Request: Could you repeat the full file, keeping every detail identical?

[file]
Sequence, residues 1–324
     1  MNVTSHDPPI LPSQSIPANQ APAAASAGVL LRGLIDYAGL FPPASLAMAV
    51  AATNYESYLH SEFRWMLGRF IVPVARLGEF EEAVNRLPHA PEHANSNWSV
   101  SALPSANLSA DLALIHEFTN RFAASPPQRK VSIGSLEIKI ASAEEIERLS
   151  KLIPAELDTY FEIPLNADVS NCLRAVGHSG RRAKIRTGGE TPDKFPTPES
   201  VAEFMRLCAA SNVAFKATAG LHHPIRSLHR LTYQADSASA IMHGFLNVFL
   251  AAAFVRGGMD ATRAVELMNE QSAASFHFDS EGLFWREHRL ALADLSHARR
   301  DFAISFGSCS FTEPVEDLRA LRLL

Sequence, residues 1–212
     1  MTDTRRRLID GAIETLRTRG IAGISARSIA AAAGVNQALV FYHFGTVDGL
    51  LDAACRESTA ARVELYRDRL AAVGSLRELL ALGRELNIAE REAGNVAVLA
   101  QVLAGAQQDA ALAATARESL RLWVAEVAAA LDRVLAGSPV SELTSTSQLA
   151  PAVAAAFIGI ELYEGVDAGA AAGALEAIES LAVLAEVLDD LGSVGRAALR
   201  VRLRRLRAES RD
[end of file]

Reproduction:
Sequence, residues 1–324
     1  MNVTSHDPPI LPSQSIPANQ APAAASAGVL LRGLIDYAGL FPPASLAMAV
    51  AATNYESYLH SEFRWMLGRF IVPVARLGEF EEAVNRLPHA PEHANSNWSV
   101  SALPSANLSA DLALIHEFTN RFAASPPQRK VSIGSLEIKI ASAEEIERLS
   151  KLIPAELDTY FEIPLNADVS NCLRAVGHSG RRAKIRTGGE TPDKFPTPES
   201  VAEFMRLCAA SNVAFKATAG LHHPIRSLHR LTYQADSASA IMHGFLNVFL
   251  AAAFVRGGMD ATRAVELMNE QSAASFHFDS EGLFWREHRL ALADLSHARR
   301  DFAISFGSCS FTEPVEDLRA LRLL

Sequence, residues 1–212
     1  MTDTRRRLID GAIETLRTRG IAGISARSIA AAAGVNQALV FYHFGTVDGL
    51  LDAACRESTA ARVELYRDRL AAVGSLRELL ALGRELNIAE REAGNVAVLA
   101  QVLAGAQQDA ALAATARESL RLWVAEVAAA LDRVLAGSPV SELTSTSQLA
   151  PAVAAAFIGI ELYEGVDAGA AAGALEAIES LAVLAEVLDD LGSVGRAALR
   201  VRLRRLRAES RD